Vroom, Inc. (NASDAQ:NASDAQ:VRM) was a COVID pandemic darling, as its innovative business model was in the right place at the right time. While Vroom's current low stock price may appear to be a steal, there is still no evidence Vroom has a path to profitability. There are structural reasons why Vroom's business model has inherently lower gross profits than conventional dealers. Vroom is also spending far too much on compensation on a per-unit basis. Until the situation changes, I don't see any reason why investors should get involved with Vroom.
Vroom, Inc. is an ecommerce platform for selling used vehicles. Rather than traditional used vehicle platforms such as autotrader that simply connect buyers and sellers, Vroom is an end-to-end platform that handles the entire transaction with no-haggle pricing and contact-free at-home pick-up and delivery.
Although Vroom was started in 2013, it really came to the public's attention during the early days of the COVID pandemic, when social distancing measures kept consumers at home. Vroom's innovative at-home pick-up and delivery model was just what consumers needed.
Based on a 160% YoY gain in Q1/2020 revenues and early investments by Cascade Ventures (Bill Gates' family office), Vroom launched an initial public offering of shares in June 2020. Ultimately, Vroom was able to raise over $460 million in a hugely successful IPO, with shares opening at $35 / share versus the IPO price of $22. VRM shares traded as high as $47.50 on day one, and reached a peak of $75 in September 2020 (Figure 1).
Unfortunately, guidance was soon cut, and a large equity issuance signaled the peak in the stock price. Vroom's stock lingered for many months in the $30 to $50 range, before it started to plunge precipitously in mid-2021, to a low of $1.03 in June 2022. Since the bottom in June, shares have since recovered somewhat to $1.70, but it is still down 92% from the IPO price and 98% from the peak.
Figure 2 shows Vroom's condensed financials from the prospectus. Notice that despite recording $1.2 billion in revenues in 2019, Vroom only generated gross profits of $58 million, or 4.8%. Gross margin and gross profit both declined in 2019, even though Vroom sold 89% more cars.
Supporting this skinny gross margin, Vroom had rapidly expanding SG&A expenses, as it was a "tech" company. In 2018, Vroom spent 2.2x its gross profits in SG&A, and in 2019, that figure rose to 3.2x.
Simply put, the more cars Vroom sold, the more money it lost!
Looking at per vehicle figures, investors should have realized something was amiss. In 2018, Vroom generated $2,242 per vehicle in ecommerce gross profits (Figure 3).
This figure was broadly similar to CarMax's (KMX) per vehicle gross profits, from years 2015 to 2019 (Figure 4).
However, we see that in 2019, Vroom's per vehicle gross profit was only $1,696. It appears Vroom was accepting a lower gross margin to drive growth, in preparation for an IPO.
Vroom's low margins persisted in the first few quarters post-IPO, as its investors were paying up for growth (Figure 5). However, e-commerce margins did rebound in 2021 to ~$2,200 per vehicle, as Vroom benefited from the massive used vehicle shortage of 2021.
Overall, financial results continued to underwhelm, as Vroom spent multiples of gross profit in SG&A, with SG&A being 3.4x 2020 gross profits, and 2.7x 2021's gross profits (Figure 6).
I have made this comment many times in other articles, but the "build it and they will come" corporate strategy is not sustainable. A business simply can't outspend its revenues and gross profits if it wants to be sustainable in the long-run.
With the stock hitting rock bottom recently at $1.03, is now a good time to buy shares of Vroom?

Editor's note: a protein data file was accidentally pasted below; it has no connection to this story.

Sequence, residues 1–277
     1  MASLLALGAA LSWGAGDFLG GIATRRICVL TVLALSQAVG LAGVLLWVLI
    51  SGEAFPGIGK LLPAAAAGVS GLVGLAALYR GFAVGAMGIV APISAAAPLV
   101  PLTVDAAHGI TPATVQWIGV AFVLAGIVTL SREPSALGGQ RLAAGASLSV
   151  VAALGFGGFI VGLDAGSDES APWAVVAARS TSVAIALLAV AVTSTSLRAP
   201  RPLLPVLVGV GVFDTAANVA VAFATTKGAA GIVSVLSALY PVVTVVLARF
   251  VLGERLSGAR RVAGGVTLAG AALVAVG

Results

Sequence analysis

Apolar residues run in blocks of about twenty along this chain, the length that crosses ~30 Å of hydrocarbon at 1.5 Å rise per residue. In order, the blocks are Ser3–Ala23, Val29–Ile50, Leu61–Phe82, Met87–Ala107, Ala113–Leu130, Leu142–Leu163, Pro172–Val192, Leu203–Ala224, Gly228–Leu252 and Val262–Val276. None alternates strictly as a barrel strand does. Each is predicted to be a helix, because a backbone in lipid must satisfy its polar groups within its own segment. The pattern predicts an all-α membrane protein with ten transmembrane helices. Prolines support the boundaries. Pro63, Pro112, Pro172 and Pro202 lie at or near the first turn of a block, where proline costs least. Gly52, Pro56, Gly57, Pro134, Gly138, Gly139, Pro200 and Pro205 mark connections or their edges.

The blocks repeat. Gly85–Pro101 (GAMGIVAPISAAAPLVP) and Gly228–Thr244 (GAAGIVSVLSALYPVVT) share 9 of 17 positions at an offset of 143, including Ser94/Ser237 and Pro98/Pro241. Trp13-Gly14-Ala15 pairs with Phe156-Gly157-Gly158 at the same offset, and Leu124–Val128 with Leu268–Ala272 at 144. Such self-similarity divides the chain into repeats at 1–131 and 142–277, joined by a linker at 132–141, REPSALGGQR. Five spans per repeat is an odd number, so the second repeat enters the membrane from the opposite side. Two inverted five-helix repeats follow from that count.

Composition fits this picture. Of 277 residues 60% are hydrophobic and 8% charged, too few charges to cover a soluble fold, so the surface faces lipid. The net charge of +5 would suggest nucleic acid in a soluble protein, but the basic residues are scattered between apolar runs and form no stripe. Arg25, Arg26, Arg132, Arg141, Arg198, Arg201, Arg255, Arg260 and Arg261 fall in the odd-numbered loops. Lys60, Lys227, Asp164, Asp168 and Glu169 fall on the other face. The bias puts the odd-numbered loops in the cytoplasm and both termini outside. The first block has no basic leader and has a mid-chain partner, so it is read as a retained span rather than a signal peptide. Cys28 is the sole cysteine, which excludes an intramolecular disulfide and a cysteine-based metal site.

A look at the latest quarterly financials suggest the answer is no.
First, on the positive side, Vroom reported Q2/2022 e-commerce gross profits of $3,629 per vehicle, a big jump from $2,718 in Q2/2021. However, reading the quarterly report, it appears the gross profit jump YoY is a little misleading.
In February 2022, Vroom completed the acquisition of United Auto Credit Corporation ("UACC") and began to report financing revenues (interest income and gains on sale of finance receivables) as part of its e-commerce business unit. The comparable period in 2021 did not have this finance revenue line item. Furthermore, when competitors like CarMax discuss gross profit per vehicle, that figure is simply sales price less acquisition cost.
Also, we see that Vroom's Wholesale business has fallen into a gross loss of $330 per vehicle (Figure 8). This could imply Vroom had mispriced trade-in values, or had held onto inventory for too long, as used car pricing softened in the quarter.
As discussed briefly above, gross margin can be used as a lever to control the pace of growth. For example, Vroom could increase unit volume growth by overpaying for purchases to secure vehicles or underpricing sales to get vehicles off the lot. In Q2/2022, it appears Vroom chose to raise gross margins and slowdown the pace of growth, as we saw a sharp slowdown in cars sold for Vroom (50% YoY decline), leading to overall revenues declining by 38% YoY (Figure 9).
Unfortunately, the slowdown in sales did not have too much of an impact of SG&A, as it still grew 24% YoY to $153 million, and it continued to represent ~2.3x of gross profits in H1/2022. Note for comparison's sake, CarMax's SG&A as a % of gross profit was only 75% in the latest quarter, which was actually much higher than in prior years. Historically, CarMax's SG&A as a % of gross profit runs at ~70%.
To me, it appears the economics of Vroom's current business model just isn't working. It is spending far too much on SG&A as a % of gross profits. This is an interesting result, because the whole premise of e-commerce is that businesses didn't have to incur brick and mortar costs.
So, far from factual evidence of this premise, it appears the opposite is true, as CarMax, with 225 physical locations throughout the United States, is highly profitable (F2022 net income of $1.2 billion) based upon roughly similar gross profits per vehicle of ~$2,000 per vehicle.
To understand why Vroom's business model may be structurally challenged, let's first look at the company's definition of cost of retail sales and SG&A (the relevant sentences have been highlighted by the author):
Retail cost of sales primarily includes the costs to acquire vehicles, inbound transportation costs and direct and indirect reconditioning costs associated with preparing vehicles for sale. Costs to acquire vehicles are primarily driven by the inventory source, vehicle mix and general supply and demand conditions of the used vehicle market. Inbound transportation costs include costs to transport the vehicle to our VRCs. Reconditioning costs include parts, labor and third-party reconditioning costs directly attributable to the vehicle and allocated overhead costs. Cost of sales also includes any accounting adjustments to reflect vehicle inventory at the lower of cost or net realizable value.